He struggled through his first season of farming with his business partner from Las Vegas, and many of their crops died. Luckily, Myszka knew a guy who could help them out, a farmer named Dave Barren who he’d met at a farmer’s market years ago.  

“We went to his house and sat down with him for like three hours. He gave us gardening books and catalogs and told us to come back in a couple days,” Myszka said. “We went back and he took us to his garden, and he told us, ‘today, we’re going to plant beans. Tomorrow we’re going to plant corn,’ and so on.”  

During the first two to three years of running his own farm, Myszka went to Barren’s farm at least once a week to lend a hand. Sometimes Myszka would have a crop failure, and Barren would let them sell his crops at the farmers market if he came and harvested them.

Today Myszka’s farm creates a variety of produce and meat products, many of which go directly to his restaurants.

“Since we’re one company, we’re in control of everything,” Myszka said. “Instead of a server saying, ‘We bought these carrots from so and so farm,’ they can say “I was at the farm the other day and I was helping weed these carrots.’” 

Their self-sustaining system allows them to engage in innovative farming practices, ones that enhance the health of their farmland instead of depleting it. 

All of the waste that they generate from their restaurants goes back into the farm and serves as the foundation for their fertility system. When Myszka plants his garlic, tomatoes or radishes, he isn’t using synthetic chemicals to fertilize it. Instead, he brings organic matter back into the land with food waste from the restaurants and manure from his chickens. The live compost he uses has more biological load than conventional chemical fertilizers, and creates a healthier system.  

Decades down the line, his farm should look more like a forest than a conventional farm. “It’ll be a big mixture of row crops, trees, fields of hay, gardens and forage,” Myszka said. “The soil will have a lot more organic matter, and there’ll be a lot more health in it. Over time, we’ll have to add less and less inputs to get more outputs.” 

Myszka spent the first five years of his Epiphany enterprise proving he could farm and supply much of what his restaurants needed. The next five years were spent proving it could be profitable, which is a pursuit he’s still chasing. Because his production isn’t completely mechanized and his contracts aren’t huge. His production costs are still higher than purchasing ingredients from traditional farm operations. 

 “Having the right machinery to drop labor costs down is the only way to compete with vegetables coming in from conventional markets. To size up you need land, tools, tractors, implements, machinery, washing machinery, buildings . . . it’s an immense amount of things to pay for and afford,” Myszka said.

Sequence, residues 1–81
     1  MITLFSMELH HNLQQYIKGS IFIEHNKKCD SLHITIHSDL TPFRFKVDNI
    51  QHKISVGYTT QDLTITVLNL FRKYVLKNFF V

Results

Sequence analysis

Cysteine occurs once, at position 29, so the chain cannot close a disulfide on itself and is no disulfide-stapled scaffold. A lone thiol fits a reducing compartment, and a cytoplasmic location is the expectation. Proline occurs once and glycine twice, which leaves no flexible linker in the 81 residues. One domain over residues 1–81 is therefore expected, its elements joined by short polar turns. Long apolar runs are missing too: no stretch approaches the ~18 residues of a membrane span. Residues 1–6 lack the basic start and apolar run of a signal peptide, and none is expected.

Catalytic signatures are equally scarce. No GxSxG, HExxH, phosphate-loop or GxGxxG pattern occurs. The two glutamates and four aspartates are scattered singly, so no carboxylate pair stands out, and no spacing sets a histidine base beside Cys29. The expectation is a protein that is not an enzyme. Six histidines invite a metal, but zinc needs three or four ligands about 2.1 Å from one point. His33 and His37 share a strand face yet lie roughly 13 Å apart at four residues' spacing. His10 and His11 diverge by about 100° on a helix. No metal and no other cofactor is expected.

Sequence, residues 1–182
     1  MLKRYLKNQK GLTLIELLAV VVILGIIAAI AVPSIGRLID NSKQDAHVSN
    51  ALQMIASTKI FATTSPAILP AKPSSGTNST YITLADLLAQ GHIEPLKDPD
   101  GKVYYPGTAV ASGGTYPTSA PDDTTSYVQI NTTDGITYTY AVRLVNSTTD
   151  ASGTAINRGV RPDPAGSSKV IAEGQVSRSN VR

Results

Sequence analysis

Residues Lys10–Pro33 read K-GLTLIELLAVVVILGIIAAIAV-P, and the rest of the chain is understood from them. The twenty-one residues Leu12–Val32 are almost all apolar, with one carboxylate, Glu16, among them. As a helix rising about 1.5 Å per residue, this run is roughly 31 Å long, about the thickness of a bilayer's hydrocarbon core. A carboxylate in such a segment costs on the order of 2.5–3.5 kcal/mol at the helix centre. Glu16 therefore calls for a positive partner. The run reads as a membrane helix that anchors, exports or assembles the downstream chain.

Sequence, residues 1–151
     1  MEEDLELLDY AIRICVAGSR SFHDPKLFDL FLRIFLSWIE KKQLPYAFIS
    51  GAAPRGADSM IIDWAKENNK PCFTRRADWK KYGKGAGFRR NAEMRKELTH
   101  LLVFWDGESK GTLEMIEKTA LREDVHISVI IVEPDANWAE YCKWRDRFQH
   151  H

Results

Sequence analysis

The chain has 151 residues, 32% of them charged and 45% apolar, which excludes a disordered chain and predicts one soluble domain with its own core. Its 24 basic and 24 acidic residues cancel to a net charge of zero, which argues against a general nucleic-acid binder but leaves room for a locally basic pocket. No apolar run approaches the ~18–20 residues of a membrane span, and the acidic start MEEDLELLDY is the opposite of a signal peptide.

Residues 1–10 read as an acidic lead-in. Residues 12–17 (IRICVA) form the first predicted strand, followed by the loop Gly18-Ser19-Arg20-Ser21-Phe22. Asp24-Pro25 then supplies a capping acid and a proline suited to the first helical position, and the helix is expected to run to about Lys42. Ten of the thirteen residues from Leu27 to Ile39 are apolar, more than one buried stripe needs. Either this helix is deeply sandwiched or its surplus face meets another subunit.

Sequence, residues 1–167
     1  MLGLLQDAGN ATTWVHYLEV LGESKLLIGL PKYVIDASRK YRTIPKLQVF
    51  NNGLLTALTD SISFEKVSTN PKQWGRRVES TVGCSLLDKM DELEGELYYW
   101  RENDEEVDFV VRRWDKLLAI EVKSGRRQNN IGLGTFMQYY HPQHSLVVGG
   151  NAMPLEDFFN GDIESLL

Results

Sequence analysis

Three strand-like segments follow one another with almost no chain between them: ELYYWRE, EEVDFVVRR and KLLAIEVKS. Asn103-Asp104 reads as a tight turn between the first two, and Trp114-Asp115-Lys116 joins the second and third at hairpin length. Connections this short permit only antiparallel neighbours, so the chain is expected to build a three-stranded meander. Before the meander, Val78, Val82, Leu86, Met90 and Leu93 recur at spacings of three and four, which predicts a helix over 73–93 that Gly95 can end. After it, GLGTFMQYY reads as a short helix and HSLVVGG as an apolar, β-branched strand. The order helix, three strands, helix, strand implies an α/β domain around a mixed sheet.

What he needs to make it more commercially viable, he said, is an economy of scale. 

“I see us becoming more efficient. The cool thing is now we’ve bought land and financed equipment to actually do it.” 

 The scale of commercial output he’s striving to build is what inspired him to open so many restaurant options in the Bloomington-Normal area, along with his diverse interest in worldly cuisines. “Because of the size of the property, we need to get all of the production up and need the restaurants to utilize more,” Myszka said. 

Myszka’s Epiphany Farms Restaurant in downtown-Bloomington is a popular rustic-American spot, and their Asian mashup restaurant Anju Above is located on the floor above it. Their third restaurant, Harmony Korean Barbeque, is located on Currency Drive in Bloomington. 

Their modern speak-easy spot, the Bakery and Pickle, reopened this November on Main street in Bloomington after closing in 2020. 

“Epiphany Farms can’t take advantage of tatsoi or Japanese turnips, but if I have a restaurant that’s using that cuisine then I can grow the veg for that type of restaurant, ” Myszka said. “The idea is that someone can come to town, eat at all our restaurants and have a completely unique experience, but with the same attention to detail, local production and unique flavor.”

Myszka enjoys fine dining and preparing sushi, pizza, and Korean barbeque, but what he loves most is utilizing the farm product, whatever that may be, and making it all work. 

By being a successful “chefarmer” in his community, Myszka said he can encourage other farmers in their own regions to do the same. He wants to prove that this type of production can feed the world. 

He said he gets pissed off when other farmers try to justify their conventional farming practices as a necessary condition for ‘feeding the world.’

 “Feeding the world junk food probably isn’t a great thing for the world. I’m not going to thank you for it,” Myszka said. “We need to know how to feed ourselves before we can say that we’re going to feed the world.”